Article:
£913 per person
The average price of hotels and apartments in Ciudad del Este varies according to the time of year. To help you plan when to go, we've looked at the hotels available on our site, then worked out the average price per night for the quietest and the busiest months.
Based on a typical 1 week holiday - adding together the cost of flights and accommodation - January is the cheapest month to go to Ciudad del Este.
Ciudad del Este, the Paraguayan city across from Foz do Iguaçu is known for one thing and one thing only: it's a black market haven, especially electronic goods. I didn't buy anything myself but I can confirm this - my friend Lucas bought a high-end camera for a third if the price he'd have to pay back home in São Paulo. Legend has it that you can buy anything from flip flops to AK-47s in Ciudad del Este, if you happen to know the right people. It has a reputation for being a dangerous area so I didn't linger there long, maybe 45 minutes to take a peek (another unusual thing I just HAD to do), then walked straight back to the Brazilian side. I'm adventurous but also careful, caution is the better part of valor and all that.
Overcrowded city, I felt unsafe, prices were not actually good as expected, and the city is extremely dirty!
Overall, I would say I found Ciudad Del Este to have a bit of an unsavory feel to it. If you are a fan of buying pirated items, or a cheap car of disreputable origins Ciudad Del Este may be your type of city. Outside of the Itaipu Dam, I would recommend skipping Ciudad del Este and heading into Paraguay and exploring the abandoned Missions or going to Asuncion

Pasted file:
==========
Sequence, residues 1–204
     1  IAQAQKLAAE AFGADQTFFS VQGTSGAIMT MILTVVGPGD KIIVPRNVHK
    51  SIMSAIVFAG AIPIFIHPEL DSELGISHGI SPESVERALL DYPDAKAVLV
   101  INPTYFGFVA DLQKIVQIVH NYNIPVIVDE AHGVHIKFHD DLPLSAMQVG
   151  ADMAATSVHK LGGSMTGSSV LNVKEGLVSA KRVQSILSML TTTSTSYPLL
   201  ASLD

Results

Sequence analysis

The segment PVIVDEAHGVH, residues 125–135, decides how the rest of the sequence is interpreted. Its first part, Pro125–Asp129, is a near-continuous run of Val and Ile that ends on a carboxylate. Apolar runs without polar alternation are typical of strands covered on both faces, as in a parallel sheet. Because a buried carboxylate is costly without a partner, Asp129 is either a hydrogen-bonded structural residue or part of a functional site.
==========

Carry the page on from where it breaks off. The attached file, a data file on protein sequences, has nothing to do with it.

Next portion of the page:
There is no reason to be here. Brazilians and Argentinians cross this loose border for electronics, blankets, fake handbags, and the sort. For the average tourist, there's really no need to come here. I've heard from many people that walking over the bridge that links this border (specifically between Brazil and Paraguay) is dangerous and you should wait for the bus. I have crossed it 4 times on foot and once by bus, and I couldn't have felt more safe. If anything it's the only tourist kick you get when you can stop and take pictures of both Paraguay and Brazil. They even have a yellow border painted on the walkway with Brazil and Paraguay painted on each side. What I also found amusing is that when you walk over (the average tourist) you're looking for a stamp. Well you can simply walk over without any border inspection, exit, or entrance stamp. Now this could potentially give you trouble if you plan on exiting via Argentina. (Though it's easily remedied by going into an immigration office in Asuncion for free). But if you are only going for kicks and will not be leaving Brazil you can get a "souvenir stamp". You only get one, not for exit/entry, but one, with no date. The city itself, hot mess. The border was the only point of interest for me.